Why is cashmere so expensive? What makes cashmere worth the money?

Step into the world of luxury fashion, and you will find that cashmere holds an unrivalled position of prestige. Renowned for its distinctive softness, lightweight warmth, and enduring style, cashmere’s reputation certainly precedes it. However, this elicits a question asked by many – why is cashmere so expensive?

The Rarity of Cashmere

When it comes to cashmere, rarity is a significant factor that adds to its allure and cost. Cashmere originates from a particular breed of goats, whose habitat is restricted to the specific regions of Mongolia, China, and the Himalayas. What’s more, the collection of precious cashmere wool is seasonally restricted. This process happens only once a year, after a long, harsh winter when the goats naturally shed their warm undercoats.

To put things into perspective, consider this: the world sees nearly 1,200,000 tonnes of wool production annually, whereas pure cashmere production sits at an estimated 6,500 tons per year. With cashmere being this much rarer than sheep’s wool, its scarcity certainly carries a price.

Grades of Cashmere

Adding to its price tag is the fact that not all cashmere is created equal. Cashmere follows a grading system – A, B, and C – each tier signifying a different level of quality.

Grade A cashmere is the highest quality available. It originates from the softest part of the goat’s undercoat and boasts the thinnest fibers, averaging around 14 microns in width. Garments made from Grade A cashmere are supremely soft, luxuriously lightweight, and provide excellent insulation. These attributes make Grade A cashmere the most sought-after, contributing to its premium price.

On the other hand, Grade B cashmere is a step down in terms of quality but still offers a decent level of comfort and warmth. The fibers are slightly thicker, typically close to 20 microns, which may give a slightly less smooth feel compared to Grade A. However, Grade B cashmere still provides a good balance of softness and warmth, making it a popular choice for many cashmere products.

Grade C cashmere presents the lowest quality among the three grades. Its fibers are substantially thicker – up to 30 microns or more. As a result, Grade C cashmere can feel rougher and may feel itchy when worn directly against the skin. Despite its lower quality, Grade C cashmere is still warmer than traditional wool and can be a more economical alternative for consumers on a budget.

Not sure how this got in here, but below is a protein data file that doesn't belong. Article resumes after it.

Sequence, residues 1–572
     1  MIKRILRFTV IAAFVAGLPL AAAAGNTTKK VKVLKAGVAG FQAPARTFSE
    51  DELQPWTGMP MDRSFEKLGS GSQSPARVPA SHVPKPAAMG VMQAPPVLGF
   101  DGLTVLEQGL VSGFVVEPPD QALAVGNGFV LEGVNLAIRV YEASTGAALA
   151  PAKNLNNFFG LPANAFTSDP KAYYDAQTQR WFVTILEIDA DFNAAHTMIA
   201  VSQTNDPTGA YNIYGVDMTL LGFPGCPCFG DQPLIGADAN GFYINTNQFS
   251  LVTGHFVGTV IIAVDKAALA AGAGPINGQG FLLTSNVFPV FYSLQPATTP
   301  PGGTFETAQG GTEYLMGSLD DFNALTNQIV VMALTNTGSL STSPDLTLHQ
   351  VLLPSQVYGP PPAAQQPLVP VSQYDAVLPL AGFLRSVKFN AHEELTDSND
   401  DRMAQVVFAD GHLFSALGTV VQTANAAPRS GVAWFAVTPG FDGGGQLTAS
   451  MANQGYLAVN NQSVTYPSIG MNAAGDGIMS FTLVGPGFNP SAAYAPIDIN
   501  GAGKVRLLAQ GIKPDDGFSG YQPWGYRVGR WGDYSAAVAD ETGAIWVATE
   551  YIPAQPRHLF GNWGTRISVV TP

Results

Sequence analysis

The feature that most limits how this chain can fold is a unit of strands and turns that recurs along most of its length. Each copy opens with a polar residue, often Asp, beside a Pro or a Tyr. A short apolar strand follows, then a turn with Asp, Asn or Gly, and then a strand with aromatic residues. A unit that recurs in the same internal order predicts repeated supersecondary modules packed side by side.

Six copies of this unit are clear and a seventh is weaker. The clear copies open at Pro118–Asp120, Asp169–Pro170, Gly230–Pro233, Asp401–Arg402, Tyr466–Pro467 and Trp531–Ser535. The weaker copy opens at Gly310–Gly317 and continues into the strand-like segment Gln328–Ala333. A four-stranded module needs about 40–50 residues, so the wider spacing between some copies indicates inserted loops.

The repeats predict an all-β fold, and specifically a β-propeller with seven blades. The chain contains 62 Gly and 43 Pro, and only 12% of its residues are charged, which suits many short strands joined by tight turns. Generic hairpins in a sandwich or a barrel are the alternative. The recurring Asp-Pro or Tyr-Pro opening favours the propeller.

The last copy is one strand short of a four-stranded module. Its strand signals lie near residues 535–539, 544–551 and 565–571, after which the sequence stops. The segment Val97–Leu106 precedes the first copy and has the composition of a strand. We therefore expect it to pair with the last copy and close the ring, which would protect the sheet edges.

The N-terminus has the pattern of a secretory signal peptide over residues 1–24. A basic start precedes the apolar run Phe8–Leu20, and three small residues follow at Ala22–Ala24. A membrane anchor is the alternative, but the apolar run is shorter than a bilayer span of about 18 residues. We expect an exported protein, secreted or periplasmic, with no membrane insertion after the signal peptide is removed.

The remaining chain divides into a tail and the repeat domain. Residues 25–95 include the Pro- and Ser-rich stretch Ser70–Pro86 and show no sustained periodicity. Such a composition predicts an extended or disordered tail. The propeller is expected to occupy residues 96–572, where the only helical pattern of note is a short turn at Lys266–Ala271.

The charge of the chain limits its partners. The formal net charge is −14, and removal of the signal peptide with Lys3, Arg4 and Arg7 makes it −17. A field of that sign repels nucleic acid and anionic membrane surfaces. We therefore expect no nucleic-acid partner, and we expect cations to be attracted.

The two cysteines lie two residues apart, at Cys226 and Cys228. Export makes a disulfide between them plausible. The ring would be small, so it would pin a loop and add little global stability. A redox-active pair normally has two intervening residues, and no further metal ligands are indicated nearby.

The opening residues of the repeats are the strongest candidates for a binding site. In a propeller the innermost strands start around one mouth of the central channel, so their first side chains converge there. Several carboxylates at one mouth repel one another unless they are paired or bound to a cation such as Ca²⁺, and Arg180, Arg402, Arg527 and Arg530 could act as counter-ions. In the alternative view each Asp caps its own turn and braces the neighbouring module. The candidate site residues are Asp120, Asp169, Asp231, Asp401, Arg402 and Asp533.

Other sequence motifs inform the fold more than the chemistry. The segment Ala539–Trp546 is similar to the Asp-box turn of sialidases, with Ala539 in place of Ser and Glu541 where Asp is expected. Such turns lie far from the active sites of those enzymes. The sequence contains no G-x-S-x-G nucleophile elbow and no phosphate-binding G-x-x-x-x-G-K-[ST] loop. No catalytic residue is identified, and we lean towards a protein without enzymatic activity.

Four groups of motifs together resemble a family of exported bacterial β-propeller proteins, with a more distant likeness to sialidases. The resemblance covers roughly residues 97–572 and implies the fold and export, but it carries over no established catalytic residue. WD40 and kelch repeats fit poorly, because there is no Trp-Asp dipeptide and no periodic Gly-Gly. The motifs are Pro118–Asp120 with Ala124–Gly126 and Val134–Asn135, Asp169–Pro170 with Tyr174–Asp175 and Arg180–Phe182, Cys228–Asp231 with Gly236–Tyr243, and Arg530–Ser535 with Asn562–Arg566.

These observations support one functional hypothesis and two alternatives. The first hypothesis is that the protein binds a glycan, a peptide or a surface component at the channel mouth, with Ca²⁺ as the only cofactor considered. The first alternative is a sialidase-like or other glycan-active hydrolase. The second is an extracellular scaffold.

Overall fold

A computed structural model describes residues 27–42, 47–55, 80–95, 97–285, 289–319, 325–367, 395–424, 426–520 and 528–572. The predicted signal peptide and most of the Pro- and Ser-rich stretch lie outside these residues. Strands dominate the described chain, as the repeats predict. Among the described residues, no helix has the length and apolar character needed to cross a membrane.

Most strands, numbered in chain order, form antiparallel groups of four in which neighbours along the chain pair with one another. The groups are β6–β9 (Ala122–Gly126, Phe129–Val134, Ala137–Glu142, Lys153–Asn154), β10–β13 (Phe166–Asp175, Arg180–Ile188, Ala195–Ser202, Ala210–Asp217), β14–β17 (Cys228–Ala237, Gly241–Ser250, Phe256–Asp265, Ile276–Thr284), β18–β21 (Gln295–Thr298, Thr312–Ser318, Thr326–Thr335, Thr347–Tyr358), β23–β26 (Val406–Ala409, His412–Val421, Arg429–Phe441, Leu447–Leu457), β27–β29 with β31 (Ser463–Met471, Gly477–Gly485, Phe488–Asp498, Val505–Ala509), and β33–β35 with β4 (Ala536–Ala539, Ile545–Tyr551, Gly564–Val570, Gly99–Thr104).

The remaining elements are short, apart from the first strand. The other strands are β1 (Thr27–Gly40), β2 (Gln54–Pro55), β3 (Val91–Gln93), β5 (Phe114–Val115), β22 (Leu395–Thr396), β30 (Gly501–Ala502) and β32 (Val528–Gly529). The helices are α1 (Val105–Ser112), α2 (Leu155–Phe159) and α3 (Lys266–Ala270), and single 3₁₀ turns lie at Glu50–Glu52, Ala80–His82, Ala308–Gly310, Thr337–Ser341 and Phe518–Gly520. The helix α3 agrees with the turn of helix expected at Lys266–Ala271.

Limited Production Capability

The method of cashmere production is yet another element driving its high cost. The process, from shearing the goats to sorting the individual fibers, is a meticulous endeavor, carried out by hand by expert artisans. It takes the yield of 3 goats and the craft of skilled hands to make a single cashmere scarf.

The Unrivalled Properties of Cashmere

Cashmere’s unique qualities are, without doubt, part of its appeal and justification for its cost. Offering a level of warmth superior to other wools while being incredibly light, cashmere manages to perfectly marry comfort with luxury. Its exceptional softness, a result of its fine fibers, makes cashmere a coveted addition to any wardrobe.

Is the Investment Worth It?

Given the high price tag, one might question if investing in cashmere is indeed worth it. In response to that, consider this: high-quality cashmere is enduring, timeless, and adaptable to fluctuating fashion trends. A piece of cashmere clothing can last you years, its charm undiminished and its style ever-relevant, thus justifying the initial investment.

In the world of fabrics, cashmere reigns supreme, a testament to the adage ‘you get what you pay for.’ It is a reflection of the rarity, craftsmanship, and exceptional properties that define this luxurious material. So, the next time you wear a cashmere garment, take a moment to appreciate the exquisite journey that’s woven into every strand, making cashmere worth every penny.


  1. Common Objective (CO) – Global Wool Production and Sustainable Standards
  2. Wikipedia – Cashmere wool
  3. Britannica – Cashmere
  4. Food and Agriculture Organization of the United Nations – Harvesting of Textile Animal Fibres (1995)
  5. Judith Jerde – Encyclopedia of Textiles (1992)